What do you think of this essay? I’m curious of your opinion.
My correspondent included a link to an old essay, “Trying Out One’s New Sword,” written by British philosopher Mary Midgley.
Midgley is a philosopher known for criticizing scientific reductionism and encouraging the use of moral philosophy to define ethical purposes, rather than merely to justify ethical means. She believes that religious sentiment is intrinsic to humanity. She has promoted and rationalized the Gaia Hypothesis.
This version of her essay is from a textbook edited by Christina Hoff Sommers, which coincidentally I read in an ethics class I took in 1987. The electronic file linked to was hosted on the site of Iranian transhumanist and human rights activist Sam Ghandchi, linked from a list of human rights articles written by others. Midgley first published the essay in her book, “Heart and Mind” (1981).
The essay criticizes the “moral isolationist” who refuses to exercise moral judgment against others. This is a reference to the isolationist stance before WWII, which was official US policy up until 1941. Isolationism as foreign policy was associated with conservative Republicans and southern Democrats in the US, based on a tradition of non-interventionism in foreign conflicts.
Midgley described her critique in more detail in the introduction to “Heart and Mind” and in the 1987 essay, “The Flight from Blame.” She attacked analytical philosophers for promoting a cowardly approach to ethics that led to a kind of post-modern refusal to judge anything as “wrong,” that is, moral relativism.
Midgley’s example (the inspiration for the title) is taken from an obscure and perhaps apocryphal Japanese custom of justifying the random street killing of a commoner by a samurai, by claiming that the samurai was merely testing his new sword. The Japanese term is tsujigiri, which literally means “crossroads killing” and may denote merely a street assault or a person committing such an attack. The practice was said to have been banned under the Edo regime in 1602. In practice, although the samurai had a formal right to kill a member of the common (or “non-human”) class of people for any discourteous conduct, most officials would probably have discouraged it. Even if the samurai was punished, the punishment depended upon the relative social standing of the attacker and the victim, although a victim was technically allowed to defend himself.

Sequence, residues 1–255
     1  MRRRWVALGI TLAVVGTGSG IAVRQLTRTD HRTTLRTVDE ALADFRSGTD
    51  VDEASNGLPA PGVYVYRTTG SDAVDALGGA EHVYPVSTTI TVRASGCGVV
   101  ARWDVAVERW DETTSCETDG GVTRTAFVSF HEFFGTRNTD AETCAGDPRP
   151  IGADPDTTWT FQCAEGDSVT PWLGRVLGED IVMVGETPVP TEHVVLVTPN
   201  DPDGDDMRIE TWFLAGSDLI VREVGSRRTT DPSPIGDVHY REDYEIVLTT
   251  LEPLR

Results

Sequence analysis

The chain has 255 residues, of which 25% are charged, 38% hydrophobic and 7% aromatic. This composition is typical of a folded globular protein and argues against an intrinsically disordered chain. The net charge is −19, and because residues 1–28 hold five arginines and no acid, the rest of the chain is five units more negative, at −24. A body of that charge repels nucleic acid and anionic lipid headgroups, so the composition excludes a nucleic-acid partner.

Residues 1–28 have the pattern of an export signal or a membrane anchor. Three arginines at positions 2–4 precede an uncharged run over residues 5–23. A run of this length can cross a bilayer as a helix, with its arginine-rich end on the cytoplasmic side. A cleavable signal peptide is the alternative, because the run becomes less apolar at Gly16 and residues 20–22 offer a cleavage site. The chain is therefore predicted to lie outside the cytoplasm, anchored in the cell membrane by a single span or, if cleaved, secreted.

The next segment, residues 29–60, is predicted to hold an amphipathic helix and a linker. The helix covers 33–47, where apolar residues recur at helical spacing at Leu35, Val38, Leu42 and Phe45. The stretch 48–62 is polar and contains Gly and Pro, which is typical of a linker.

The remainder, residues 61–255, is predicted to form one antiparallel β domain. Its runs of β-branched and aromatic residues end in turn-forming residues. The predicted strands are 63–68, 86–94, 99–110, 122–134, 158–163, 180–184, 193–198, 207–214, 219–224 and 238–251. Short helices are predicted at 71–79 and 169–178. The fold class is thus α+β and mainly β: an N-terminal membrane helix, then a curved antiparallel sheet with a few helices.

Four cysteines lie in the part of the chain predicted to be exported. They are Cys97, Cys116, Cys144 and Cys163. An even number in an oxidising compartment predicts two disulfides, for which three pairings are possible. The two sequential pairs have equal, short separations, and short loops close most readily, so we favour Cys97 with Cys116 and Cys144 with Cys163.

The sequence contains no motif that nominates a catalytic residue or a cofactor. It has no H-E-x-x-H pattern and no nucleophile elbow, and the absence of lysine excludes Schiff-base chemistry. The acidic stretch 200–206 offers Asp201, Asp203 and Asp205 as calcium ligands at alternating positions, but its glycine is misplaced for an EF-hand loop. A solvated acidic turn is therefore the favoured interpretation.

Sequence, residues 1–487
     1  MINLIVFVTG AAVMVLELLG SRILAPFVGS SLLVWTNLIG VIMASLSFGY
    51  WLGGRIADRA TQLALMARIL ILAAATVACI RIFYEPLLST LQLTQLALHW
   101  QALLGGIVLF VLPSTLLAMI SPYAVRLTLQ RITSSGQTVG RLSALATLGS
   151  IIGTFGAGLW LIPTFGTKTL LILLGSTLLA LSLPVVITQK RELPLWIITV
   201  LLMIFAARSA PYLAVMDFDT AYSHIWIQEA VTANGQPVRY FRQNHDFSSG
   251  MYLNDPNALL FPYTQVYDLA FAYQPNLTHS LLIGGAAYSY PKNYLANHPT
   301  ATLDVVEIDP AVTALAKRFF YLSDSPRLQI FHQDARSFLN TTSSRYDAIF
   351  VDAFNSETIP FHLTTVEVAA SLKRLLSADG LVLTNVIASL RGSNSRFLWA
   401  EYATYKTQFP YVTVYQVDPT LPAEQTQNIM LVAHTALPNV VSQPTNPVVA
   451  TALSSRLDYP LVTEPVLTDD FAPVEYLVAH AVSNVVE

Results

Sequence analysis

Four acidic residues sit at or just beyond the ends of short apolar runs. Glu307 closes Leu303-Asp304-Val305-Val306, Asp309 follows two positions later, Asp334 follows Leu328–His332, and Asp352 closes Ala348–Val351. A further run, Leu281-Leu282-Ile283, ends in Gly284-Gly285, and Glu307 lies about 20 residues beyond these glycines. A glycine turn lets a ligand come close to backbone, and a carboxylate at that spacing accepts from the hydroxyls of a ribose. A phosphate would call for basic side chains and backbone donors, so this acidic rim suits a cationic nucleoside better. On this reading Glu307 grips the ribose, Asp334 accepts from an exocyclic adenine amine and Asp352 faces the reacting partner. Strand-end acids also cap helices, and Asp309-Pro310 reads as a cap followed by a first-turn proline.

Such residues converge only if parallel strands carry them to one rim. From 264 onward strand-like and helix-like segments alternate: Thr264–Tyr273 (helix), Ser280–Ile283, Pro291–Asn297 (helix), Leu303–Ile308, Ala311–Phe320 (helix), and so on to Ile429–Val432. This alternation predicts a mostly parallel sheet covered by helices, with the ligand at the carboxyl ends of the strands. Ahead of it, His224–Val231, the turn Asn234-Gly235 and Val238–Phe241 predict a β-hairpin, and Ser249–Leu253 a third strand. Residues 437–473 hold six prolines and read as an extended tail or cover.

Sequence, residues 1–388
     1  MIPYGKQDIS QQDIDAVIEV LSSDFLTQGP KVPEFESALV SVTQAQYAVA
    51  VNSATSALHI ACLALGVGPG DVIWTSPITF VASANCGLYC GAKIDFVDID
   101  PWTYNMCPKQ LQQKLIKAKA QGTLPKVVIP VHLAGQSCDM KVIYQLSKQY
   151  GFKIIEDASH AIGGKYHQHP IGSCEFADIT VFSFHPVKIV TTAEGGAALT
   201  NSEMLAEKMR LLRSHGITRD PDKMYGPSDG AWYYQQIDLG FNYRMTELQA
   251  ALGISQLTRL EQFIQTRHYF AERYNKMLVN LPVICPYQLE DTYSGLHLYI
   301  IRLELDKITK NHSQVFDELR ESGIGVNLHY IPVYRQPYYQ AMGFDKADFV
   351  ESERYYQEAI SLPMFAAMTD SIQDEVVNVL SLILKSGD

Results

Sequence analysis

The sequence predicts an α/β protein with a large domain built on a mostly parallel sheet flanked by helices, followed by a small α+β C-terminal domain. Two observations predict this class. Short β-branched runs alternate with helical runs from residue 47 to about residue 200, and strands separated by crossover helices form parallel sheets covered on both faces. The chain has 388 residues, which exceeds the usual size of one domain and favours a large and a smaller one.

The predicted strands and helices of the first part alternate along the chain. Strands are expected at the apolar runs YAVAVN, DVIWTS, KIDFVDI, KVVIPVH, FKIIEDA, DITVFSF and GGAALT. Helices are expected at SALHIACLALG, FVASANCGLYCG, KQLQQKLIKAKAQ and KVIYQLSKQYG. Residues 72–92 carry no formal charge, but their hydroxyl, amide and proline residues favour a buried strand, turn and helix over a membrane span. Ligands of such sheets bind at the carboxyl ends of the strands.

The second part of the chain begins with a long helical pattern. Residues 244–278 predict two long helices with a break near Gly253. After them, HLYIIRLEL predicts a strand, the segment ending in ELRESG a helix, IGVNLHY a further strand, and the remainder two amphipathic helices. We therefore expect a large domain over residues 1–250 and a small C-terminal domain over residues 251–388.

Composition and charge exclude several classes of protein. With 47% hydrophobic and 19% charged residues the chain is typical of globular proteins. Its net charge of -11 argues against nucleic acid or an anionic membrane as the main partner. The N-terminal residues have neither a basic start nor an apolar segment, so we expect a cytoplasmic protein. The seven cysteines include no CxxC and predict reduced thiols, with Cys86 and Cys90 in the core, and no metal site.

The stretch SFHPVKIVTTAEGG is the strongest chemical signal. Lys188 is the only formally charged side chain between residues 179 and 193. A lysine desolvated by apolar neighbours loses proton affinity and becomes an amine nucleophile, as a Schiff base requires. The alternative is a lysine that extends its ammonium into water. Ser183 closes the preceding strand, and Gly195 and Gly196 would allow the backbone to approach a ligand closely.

Most new samurai swords were actually tested on the corpses of executed criminals. So, really, my mysterious correspondent wanted me to comment on an ethical speculation about a foreign culture, where the main question is whether we have a right to judge the mythical practices of that culture.
It seems to me that the more interesting question is whether we have the right to moralize about other people based on mythology, speculation, and ignorant generalizations about them. I say, of course we do, since our ignorant opinion about them is also meaningless if we do not actually hold any power over them. We are free to pointlessly moralize about other countries and cultures, just as we are free to pointlessly moralize about national politics, sports, magical crystals, and the cosmic interrelatedness of ravioli and dung beetles. And everyone who doesn’t want to join us in our outrage has the right to ignore our ignorant generalizations.
So, on that issue, I suggest that we are free to moralize about anything at all, as long as there is no consequence. If an issue is consequential, that is, if our opinion will lead to an action that will affect others, then we are obligated to moralize about it.
Another interesting question is whether it is better to justify killing someone because they are lower status and personally offensive (a social reason), or because the weapon’s effectiveness needs to be proven (a pragmatic reason).
The obvious answer for a sociopath, such as a serial killer, is that the pragmatic justification of testing weapons or methods is preferable. Quality assurance, efficiency, and practical effectiveness are the hallmarks of the sociopath. Anyone with experience in the military, retail, industrial, or corporate world can verify this.
Normal, well-socialized people prefer to justify killing based on the low social status of the victim, along with pointing out any of their behaviors that might have provoked an attack. My research suggests that this was true most of the time in traditional Japanese society, as well as in traditional European society, and is still true today everywhere, including in the US.
Anecdotally, I’ve been physically attacked only by higher status males who thought they were enforcing some perverse social order, but not by any lower status people. (No, I’m not counting my brother and sisters.)
In conclusion, I suspect that samurai felt free to punish any commoner for any reason so as to maintain social order, even if it included killing them. Among themselves, they probably snickered about how they were just testing their swords. I don’t have any problem denouncing both practices.
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